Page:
COLUMBIA, S.C. - When Rock Hill school officials tell commencement crowds to hold their applause until the end, they mean it: Police arrested seven people after they were accused of loud cheering during the ceremonies.
Six people at Fort Mill High School's graduation were charged Saturday and a seventh at the graduation for York Comprehensive High School was charged Friday with disorderly conduct, authorities said. Police said the seven yelled after students' names were called.
"I just thought they were going to escort me out," Jonathan Orr told the Herald of Rock Hill, about 70 miles north of Columbia. "I had no idea they were going to put handcuffs on me and take me to jail."
Orr, 21, spent two hours in jail after he was arrested when he yelled for his cousin at York's commencement at the Winthrop University Coliseum.
Those attending commencements are told they can be prosecuted for bad behavior, said Rock Hill police spokesman Lt. Jerry Waldrop.
All the cases, except for one that includes a resisting arrest charge, will be handled in city court and are punishable by a maximum of 30 days in jail and a $1,000 fine.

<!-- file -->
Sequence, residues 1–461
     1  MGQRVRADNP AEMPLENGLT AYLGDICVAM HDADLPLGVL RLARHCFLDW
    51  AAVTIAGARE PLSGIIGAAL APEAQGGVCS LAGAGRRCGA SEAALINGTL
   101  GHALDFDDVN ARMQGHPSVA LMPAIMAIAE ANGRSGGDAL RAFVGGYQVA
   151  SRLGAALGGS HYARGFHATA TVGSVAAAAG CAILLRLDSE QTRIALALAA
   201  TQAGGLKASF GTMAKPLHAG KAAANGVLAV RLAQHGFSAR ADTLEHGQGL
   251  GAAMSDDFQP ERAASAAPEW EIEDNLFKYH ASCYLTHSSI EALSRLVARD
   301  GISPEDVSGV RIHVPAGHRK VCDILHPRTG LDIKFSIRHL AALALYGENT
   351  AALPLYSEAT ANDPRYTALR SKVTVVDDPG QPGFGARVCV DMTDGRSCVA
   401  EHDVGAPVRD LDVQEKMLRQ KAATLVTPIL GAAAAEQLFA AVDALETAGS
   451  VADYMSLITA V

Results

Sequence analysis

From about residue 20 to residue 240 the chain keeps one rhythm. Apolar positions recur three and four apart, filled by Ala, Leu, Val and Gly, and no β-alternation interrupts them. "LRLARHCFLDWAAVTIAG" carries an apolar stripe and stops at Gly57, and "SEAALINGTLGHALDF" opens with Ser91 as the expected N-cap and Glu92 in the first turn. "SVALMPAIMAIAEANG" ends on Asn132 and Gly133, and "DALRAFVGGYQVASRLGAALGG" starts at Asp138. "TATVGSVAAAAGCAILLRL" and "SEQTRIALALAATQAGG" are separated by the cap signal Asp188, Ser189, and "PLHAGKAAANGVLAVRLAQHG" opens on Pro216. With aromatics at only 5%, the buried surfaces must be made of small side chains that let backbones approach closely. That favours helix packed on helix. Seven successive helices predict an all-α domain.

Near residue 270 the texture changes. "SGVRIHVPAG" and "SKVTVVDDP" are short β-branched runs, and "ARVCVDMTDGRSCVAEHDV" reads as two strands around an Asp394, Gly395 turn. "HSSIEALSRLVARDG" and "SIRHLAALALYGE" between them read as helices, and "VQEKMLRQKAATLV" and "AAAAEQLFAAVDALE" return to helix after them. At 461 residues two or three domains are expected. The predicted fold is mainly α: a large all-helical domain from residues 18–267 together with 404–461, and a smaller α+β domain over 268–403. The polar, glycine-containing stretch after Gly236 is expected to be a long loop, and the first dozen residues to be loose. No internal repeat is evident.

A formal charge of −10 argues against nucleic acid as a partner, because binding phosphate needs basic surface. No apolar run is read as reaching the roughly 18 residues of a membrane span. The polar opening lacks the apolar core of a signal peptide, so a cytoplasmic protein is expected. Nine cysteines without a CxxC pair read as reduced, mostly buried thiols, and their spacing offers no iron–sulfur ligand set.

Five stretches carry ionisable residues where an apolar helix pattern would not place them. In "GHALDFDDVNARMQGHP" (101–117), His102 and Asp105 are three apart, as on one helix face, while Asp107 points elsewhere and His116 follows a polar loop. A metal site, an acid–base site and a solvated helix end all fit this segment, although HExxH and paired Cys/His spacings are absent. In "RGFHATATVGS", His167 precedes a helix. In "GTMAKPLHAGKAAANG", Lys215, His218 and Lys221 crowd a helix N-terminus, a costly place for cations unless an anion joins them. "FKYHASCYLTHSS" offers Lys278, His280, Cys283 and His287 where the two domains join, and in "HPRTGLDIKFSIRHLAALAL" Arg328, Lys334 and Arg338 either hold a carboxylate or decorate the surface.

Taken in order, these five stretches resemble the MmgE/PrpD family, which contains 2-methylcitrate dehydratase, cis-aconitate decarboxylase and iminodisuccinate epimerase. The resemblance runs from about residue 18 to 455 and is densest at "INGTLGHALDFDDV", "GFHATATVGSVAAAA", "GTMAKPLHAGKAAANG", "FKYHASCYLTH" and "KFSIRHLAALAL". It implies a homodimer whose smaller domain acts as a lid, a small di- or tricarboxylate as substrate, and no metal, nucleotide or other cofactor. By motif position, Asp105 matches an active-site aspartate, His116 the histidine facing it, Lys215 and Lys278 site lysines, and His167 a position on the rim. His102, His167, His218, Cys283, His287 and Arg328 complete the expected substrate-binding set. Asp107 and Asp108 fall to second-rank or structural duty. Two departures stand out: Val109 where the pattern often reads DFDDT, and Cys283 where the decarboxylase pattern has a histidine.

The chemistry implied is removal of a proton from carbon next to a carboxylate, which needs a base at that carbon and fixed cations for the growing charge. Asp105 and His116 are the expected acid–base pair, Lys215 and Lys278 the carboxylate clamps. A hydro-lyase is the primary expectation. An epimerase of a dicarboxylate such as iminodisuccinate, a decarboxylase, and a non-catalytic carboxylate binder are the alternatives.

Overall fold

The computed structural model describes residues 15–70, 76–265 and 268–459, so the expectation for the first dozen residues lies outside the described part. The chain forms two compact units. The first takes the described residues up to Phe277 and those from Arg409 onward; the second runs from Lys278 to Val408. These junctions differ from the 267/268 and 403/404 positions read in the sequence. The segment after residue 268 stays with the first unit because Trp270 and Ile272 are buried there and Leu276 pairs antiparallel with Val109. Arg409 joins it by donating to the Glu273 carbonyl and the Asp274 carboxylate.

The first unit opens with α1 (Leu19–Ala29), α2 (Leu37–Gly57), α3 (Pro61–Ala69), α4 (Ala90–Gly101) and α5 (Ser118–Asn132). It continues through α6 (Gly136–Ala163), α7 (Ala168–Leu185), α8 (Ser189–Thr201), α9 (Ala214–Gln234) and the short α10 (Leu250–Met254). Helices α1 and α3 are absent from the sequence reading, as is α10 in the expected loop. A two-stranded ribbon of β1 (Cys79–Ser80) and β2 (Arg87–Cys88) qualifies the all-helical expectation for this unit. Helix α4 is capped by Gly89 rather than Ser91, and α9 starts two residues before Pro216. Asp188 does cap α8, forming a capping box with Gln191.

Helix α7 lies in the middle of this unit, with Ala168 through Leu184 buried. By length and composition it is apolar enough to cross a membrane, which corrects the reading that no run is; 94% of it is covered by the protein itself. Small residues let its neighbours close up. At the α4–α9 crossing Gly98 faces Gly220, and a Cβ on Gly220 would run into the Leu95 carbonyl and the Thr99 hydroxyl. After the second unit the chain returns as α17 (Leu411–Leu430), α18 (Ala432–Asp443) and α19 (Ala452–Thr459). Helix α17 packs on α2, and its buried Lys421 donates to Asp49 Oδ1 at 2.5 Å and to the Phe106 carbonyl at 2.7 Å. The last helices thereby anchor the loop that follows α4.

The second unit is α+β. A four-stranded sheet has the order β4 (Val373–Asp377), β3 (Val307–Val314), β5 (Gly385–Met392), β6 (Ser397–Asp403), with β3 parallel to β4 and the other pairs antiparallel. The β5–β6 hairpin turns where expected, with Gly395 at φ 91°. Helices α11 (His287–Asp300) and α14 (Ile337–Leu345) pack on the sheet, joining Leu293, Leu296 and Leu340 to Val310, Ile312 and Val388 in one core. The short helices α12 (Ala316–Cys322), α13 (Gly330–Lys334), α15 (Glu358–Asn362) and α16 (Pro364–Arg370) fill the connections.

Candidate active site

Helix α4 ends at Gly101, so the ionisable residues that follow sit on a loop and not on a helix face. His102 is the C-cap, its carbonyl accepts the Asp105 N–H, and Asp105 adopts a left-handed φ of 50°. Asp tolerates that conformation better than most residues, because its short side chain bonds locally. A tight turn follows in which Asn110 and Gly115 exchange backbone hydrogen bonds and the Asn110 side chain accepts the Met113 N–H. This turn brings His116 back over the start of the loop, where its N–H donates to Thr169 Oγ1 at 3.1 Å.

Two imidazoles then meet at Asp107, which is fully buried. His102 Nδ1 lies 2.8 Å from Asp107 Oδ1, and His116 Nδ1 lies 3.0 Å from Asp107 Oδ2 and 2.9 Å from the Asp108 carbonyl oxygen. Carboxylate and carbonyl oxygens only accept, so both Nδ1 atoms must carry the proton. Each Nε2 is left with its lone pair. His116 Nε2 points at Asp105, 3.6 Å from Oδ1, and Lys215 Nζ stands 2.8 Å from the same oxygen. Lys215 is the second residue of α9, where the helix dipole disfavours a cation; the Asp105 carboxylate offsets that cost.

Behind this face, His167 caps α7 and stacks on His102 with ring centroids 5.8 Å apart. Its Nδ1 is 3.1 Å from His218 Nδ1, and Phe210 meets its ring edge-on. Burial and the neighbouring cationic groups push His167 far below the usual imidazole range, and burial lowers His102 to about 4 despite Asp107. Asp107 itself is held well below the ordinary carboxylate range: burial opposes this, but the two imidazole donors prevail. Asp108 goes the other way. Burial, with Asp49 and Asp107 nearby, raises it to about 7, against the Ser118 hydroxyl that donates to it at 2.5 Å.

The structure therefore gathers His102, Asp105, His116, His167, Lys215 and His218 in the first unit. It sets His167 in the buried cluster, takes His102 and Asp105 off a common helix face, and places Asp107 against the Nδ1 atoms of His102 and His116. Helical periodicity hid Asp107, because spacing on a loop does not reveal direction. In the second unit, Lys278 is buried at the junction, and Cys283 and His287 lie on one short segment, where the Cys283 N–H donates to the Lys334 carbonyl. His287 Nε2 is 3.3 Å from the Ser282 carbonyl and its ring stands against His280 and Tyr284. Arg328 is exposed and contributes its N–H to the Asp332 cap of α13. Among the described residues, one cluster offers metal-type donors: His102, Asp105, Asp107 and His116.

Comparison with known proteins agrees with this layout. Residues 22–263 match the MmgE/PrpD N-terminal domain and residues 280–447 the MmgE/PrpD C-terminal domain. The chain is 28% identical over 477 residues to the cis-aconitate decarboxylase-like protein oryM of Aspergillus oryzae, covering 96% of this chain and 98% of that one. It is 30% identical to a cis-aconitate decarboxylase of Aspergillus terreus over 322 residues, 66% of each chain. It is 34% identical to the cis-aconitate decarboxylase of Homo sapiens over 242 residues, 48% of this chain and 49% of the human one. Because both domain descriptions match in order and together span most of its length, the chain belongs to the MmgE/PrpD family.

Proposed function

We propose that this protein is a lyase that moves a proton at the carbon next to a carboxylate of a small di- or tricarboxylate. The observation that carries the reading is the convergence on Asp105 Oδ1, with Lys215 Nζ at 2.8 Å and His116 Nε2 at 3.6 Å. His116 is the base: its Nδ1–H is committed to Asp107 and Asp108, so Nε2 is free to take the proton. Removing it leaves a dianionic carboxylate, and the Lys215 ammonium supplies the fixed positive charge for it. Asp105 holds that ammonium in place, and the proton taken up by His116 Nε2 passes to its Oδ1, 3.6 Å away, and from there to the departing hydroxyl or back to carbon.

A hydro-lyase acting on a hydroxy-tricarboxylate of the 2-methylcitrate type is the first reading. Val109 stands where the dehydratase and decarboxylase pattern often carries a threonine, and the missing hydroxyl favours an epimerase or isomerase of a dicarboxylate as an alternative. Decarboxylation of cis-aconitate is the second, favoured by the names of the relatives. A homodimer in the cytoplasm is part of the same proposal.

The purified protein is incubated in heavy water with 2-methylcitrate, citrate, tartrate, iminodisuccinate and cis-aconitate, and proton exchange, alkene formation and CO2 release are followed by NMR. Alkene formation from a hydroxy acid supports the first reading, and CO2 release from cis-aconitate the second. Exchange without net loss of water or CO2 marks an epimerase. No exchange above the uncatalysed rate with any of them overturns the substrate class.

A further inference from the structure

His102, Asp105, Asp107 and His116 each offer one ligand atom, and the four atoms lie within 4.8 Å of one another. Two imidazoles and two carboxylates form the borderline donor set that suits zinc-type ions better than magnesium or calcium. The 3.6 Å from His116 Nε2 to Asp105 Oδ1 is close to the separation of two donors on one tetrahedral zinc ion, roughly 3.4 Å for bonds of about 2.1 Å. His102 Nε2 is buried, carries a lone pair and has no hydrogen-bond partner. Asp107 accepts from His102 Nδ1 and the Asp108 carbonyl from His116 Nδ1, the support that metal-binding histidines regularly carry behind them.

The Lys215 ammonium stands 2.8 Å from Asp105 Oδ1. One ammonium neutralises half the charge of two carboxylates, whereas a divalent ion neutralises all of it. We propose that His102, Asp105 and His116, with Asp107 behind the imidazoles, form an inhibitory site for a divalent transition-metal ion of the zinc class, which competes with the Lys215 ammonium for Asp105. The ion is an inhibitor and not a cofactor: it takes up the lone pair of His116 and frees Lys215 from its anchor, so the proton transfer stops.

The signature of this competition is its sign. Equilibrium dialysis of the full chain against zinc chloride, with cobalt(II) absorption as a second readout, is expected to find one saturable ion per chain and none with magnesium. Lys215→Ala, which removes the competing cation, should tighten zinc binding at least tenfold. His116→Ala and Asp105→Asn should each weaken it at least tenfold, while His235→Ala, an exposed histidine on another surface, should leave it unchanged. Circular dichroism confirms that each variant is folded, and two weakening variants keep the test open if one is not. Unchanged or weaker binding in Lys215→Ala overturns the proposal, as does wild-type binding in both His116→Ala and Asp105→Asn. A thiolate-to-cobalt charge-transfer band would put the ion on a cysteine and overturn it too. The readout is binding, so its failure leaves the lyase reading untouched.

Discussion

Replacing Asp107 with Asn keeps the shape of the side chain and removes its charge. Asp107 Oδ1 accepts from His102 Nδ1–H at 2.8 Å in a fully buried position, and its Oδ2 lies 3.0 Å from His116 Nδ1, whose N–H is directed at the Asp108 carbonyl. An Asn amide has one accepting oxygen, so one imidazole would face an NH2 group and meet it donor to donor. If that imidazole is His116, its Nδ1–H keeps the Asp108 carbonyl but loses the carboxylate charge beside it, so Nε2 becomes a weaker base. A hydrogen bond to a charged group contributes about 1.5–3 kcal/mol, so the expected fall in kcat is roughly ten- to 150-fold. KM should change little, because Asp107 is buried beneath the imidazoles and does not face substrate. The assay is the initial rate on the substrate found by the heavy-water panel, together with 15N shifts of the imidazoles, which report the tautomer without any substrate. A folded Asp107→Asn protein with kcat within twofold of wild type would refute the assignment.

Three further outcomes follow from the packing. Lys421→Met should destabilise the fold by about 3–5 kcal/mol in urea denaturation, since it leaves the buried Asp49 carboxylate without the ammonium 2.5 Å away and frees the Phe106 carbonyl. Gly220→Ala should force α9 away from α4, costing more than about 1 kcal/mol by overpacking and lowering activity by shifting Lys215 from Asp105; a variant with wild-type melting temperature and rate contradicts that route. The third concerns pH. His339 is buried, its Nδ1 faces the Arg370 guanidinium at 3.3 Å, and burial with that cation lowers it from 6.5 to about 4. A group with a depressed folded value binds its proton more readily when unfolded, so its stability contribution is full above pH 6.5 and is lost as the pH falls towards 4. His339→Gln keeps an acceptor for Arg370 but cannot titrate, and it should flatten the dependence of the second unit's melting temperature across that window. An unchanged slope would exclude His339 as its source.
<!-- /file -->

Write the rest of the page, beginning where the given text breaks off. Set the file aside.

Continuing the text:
Orr said people should be allowed to cheer.
"For some people, it might be the only member of their family to graduate high school, and it was like a funeral in there," Orr said.
William Massey, 19, who graduated from Fort Mill last year, was arrested but said he plans to fight the charge. He said he simply "clapped and gave a little whoop" when his fiancee's name was called. Massey said there were warnings before the ceremony but none that said he could be arrested.
Fort Mill Principal Dee Christopher says school officials don't ask that offenders be arrested but that he plans to keep a police presence at future graduation ceremonies.
"We think it's important for every graduate's name to be heard and for every person in the arena to be able to see that student cross the stage. ... That's why we have disruptive guests removed," he said.